Jonathan Frakes, in his TV persona of Commander Riker, narrates the guided tour of Enterprise. Riker takes you through such areas as the exterior of Enterprise, the Bridge, the Captain’s Ready Room, Ten Forward (the ship’s laid-back tavern), Sickbay, Engineering, and the Holodeck (a 24th century form of virtual reality). Upon entering each area, Riker describes the area and explains its purpose on the ship. During the commentary, the point-of-view pans the entire area in question so you see everything. You can wander around and explore every area of the tour at any time.
What makes all of this work is Apple’s (as yet unreleased to the public) QuickTime VR technology. QuickTime VR is based on QuickTime 2.0, but includes important additional capabilities. Rather than just offer video sequences, QuickTime VR incorporates spatial information about each locale and what surrounds it. As a result, the user can pan through two 360 degree axes (horizontal and vertical), and can move around the "floor," providing a view of any corner of each room. With this technology you can walk yourself from the main turbolift door on the bridge, across the back railing where the Security and Tactical station is, down the starboard ramp (turning your head to take a look at the Enterprise dedication plaque as you pass by it), to the Captain’s chair where you can look around to the chairs to either side, look up to the transparent dome above or down to the instrument panels located on the arms of your command chair. Software such as Virtus Walkthrough has offered such capabilities for mathematically rendered environments, but didn’t provide a way of incorporating a real location into the tour.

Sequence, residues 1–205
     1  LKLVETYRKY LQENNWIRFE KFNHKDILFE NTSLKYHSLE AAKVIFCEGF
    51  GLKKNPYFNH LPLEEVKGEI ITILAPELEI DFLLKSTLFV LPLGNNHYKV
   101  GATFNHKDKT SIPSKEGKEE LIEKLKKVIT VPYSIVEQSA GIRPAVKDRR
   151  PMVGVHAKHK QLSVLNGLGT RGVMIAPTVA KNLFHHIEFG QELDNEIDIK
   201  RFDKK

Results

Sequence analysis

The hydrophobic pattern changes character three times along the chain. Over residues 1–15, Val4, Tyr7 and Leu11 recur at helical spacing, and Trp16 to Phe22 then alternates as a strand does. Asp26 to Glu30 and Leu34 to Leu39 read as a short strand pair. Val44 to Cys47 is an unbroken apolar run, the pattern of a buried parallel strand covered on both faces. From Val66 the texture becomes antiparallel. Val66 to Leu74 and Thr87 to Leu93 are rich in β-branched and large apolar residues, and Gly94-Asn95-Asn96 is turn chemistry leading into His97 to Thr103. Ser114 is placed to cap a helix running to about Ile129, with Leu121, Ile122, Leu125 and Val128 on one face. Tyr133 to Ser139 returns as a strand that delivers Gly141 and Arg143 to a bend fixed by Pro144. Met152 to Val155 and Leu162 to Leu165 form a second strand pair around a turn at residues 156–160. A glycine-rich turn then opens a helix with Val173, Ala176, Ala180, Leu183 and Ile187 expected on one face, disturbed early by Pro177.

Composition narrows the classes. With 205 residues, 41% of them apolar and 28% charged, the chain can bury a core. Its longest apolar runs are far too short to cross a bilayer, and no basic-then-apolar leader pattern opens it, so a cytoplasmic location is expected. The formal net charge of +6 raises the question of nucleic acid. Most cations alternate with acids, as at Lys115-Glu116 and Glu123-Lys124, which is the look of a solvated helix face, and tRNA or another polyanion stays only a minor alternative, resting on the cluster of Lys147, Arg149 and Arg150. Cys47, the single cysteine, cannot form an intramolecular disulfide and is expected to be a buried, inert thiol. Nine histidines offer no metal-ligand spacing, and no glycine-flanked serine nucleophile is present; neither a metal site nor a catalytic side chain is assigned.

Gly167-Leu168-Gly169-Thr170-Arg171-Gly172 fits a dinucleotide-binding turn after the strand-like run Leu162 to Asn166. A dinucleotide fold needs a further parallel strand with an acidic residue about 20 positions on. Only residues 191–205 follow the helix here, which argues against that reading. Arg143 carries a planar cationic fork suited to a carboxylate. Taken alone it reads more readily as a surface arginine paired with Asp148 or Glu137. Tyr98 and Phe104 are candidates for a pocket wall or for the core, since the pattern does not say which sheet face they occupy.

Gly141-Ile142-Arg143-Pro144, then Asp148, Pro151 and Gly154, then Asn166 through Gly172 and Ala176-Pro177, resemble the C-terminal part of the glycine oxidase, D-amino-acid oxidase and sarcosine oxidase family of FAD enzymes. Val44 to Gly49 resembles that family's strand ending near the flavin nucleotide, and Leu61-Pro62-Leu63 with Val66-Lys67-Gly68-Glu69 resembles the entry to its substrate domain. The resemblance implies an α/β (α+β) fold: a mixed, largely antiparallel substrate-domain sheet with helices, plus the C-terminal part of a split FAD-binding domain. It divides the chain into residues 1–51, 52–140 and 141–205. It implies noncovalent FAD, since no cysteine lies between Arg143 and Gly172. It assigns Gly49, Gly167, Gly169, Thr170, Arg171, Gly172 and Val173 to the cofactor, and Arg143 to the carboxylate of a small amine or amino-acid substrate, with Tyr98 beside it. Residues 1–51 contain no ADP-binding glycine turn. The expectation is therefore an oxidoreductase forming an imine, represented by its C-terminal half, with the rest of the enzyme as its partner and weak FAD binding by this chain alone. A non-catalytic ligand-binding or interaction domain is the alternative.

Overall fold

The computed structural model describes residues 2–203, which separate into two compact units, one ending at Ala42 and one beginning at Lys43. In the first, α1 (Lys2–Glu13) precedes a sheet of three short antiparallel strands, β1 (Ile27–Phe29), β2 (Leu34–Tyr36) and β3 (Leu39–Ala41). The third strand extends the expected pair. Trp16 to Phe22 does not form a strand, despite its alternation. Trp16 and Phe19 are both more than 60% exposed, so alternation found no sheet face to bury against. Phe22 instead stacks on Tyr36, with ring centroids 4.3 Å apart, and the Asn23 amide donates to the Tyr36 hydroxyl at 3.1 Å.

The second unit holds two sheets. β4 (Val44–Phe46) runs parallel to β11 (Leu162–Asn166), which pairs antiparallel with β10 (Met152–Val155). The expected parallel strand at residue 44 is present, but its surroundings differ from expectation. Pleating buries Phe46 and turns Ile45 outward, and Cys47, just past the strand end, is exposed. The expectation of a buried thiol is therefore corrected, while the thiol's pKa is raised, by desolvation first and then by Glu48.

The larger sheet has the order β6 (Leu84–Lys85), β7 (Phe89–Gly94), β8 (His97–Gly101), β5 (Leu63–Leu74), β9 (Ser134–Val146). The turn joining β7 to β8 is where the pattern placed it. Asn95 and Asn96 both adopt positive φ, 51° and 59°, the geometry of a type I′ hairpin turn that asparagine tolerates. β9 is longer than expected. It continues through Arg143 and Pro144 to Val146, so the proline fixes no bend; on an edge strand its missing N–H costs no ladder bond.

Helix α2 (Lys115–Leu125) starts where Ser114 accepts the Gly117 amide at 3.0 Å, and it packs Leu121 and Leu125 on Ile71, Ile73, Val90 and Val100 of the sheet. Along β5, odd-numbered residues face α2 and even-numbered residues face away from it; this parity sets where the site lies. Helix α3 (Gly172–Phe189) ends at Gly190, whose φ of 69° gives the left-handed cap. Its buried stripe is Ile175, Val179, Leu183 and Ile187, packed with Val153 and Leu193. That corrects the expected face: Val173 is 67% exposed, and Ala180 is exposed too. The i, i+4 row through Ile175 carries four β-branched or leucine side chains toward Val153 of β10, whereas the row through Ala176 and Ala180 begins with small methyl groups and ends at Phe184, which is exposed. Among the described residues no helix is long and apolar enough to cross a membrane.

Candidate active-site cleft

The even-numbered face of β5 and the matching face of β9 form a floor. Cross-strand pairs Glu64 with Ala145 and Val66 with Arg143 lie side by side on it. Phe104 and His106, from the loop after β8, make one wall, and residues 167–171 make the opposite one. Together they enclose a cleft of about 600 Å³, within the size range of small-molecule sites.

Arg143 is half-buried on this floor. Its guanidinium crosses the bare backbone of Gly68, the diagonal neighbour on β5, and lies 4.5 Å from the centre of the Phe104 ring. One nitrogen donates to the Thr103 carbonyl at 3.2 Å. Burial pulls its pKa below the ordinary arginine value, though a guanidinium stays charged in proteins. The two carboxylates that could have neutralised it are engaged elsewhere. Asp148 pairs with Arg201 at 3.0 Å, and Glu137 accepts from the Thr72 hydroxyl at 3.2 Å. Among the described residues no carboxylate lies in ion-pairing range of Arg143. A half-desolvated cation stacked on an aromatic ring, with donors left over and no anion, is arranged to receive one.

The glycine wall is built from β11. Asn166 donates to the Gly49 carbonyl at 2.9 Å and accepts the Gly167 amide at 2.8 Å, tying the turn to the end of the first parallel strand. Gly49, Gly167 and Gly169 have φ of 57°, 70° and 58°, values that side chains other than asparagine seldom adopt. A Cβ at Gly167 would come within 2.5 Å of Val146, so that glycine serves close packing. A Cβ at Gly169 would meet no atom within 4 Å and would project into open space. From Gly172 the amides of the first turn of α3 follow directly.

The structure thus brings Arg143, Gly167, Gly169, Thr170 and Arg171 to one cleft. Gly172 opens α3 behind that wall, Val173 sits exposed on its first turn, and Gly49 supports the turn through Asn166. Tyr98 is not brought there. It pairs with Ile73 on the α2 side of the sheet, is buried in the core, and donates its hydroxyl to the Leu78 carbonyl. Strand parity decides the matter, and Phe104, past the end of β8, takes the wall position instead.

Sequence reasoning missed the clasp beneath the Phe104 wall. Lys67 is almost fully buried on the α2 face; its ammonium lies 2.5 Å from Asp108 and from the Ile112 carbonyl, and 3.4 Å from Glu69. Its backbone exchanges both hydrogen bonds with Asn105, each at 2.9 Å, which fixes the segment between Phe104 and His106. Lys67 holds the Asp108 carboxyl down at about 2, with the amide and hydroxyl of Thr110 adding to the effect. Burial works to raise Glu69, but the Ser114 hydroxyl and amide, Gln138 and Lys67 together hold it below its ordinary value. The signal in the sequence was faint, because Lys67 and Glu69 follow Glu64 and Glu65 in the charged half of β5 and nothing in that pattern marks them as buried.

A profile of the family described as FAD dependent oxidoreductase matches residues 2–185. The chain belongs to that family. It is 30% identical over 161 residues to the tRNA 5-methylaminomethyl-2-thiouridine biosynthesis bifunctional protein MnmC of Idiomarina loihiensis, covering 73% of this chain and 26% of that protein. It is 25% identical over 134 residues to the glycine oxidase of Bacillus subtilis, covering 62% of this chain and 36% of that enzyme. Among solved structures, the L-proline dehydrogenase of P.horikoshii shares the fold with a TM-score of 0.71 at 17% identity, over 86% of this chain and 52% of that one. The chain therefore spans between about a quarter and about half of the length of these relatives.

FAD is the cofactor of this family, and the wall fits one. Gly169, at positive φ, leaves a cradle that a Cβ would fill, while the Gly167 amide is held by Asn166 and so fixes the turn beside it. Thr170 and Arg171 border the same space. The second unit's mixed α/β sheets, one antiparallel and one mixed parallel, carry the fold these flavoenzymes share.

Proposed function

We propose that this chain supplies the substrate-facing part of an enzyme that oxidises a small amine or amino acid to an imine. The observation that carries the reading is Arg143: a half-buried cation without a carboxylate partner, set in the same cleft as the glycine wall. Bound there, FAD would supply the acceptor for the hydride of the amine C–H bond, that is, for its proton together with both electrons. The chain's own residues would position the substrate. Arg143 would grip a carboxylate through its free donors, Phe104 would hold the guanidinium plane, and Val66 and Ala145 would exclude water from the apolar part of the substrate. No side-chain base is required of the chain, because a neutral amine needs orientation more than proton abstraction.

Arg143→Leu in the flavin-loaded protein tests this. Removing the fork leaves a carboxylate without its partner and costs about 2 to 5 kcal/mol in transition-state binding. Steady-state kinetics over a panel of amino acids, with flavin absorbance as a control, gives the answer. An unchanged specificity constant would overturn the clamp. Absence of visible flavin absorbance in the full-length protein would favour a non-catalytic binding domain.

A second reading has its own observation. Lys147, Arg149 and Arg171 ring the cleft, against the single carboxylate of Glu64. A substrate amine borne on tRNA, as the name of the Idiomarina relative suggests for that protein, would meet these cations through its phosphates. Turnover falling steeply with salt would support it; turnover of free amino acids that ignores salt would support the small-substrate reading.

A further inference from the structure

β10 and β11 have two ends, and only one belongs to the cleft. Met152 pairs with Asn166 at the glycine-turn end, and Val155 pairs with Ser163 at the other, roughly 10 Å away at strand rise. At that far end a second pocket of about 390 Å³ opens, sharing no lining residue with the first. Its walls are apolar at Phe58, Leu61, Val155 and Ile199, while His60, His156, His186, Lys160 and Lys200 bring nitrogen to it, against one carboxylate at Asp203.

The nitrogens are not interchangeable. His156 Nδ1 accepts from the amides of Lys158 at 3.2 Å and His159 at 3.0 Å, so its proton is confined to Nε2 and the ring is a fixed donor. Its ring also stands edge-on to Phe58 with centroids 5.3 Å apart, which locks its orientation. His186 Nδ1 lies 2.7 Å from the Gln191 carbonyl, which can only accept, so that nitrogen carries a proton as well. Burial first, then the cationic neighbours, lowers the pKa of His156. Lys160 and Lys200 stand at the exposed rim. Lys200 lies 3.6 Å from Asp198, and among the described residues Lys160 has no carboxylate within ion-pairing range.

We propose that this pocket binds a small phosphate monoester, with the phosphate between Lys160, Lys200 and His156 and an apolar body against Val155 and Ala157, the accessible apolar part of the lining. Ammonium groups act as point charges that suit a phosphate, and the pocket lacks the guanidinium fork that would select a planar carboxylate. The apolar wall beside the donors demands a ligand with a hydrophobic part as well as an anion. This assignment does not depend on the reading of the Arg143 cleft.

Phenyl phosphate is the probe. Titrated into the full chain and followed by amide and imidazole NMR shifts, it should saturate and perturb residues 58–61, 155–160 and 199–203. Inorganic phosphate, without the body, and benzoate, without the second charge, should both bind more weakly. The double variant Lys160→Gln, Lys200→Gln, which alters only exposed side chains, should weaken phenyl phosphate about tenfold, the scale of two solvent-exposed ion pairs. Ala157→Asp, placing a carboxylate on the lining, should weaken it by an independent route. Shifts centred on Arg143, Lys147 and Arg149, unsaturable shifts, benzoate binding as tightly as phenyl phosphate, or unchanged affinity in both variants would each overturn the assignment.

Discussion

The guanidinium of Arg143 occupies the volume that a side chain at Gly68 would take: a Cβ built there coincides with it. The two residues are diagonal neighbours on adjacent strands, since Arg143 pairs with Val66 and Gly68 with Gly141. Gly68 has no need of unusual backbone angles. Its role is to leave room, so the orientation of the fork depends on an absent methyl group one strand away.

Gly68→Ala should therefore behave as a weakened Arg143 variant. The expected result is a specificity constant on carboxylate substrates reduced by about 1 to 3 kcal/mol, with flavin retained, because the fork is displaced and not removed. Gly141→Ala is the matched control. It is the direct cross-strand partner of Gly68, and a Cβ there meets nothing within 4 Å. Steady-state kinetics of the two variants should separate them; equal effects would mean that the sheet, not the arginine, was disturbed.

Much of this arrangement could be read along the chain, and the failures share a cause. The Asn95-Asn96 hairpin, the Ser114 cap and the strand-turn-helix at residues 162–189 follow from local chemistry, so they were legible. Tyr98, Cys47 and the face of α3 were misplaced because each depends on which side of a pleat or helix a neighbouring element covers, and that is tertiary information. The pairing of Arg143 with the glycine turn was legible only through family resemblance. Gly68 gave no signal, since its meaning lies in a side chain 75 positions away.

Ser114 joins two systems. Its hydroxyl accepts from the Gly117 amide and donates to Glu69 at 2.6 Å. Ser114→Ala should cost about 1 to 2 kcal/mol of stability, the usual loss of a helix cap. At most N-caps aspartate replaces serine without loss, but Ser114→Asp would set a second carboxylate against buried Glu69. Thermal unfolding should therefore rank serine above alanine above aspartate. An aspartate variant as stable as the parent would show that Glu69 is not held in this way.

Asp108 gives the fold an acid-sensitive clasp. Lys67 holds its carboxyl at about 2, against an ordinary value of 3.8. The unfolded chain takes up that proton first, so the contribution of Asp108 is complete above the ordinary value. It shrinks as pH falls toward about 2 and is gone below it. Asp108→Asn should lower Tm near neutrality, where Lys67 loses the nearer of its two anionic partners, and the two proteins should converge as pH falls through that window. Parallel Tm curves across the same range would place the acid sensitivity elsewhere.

As you walk about Enterprise you can examine individual objects like the dedication plaque mentioned above. When you do so, text appears describing the object in question, and the computer offers a spoken summary. With some objects and rooms you can to punch up production notes that tell you "behind the scenes facts" about them. (Do you know after whom Captain Picard’s pet fish is named?)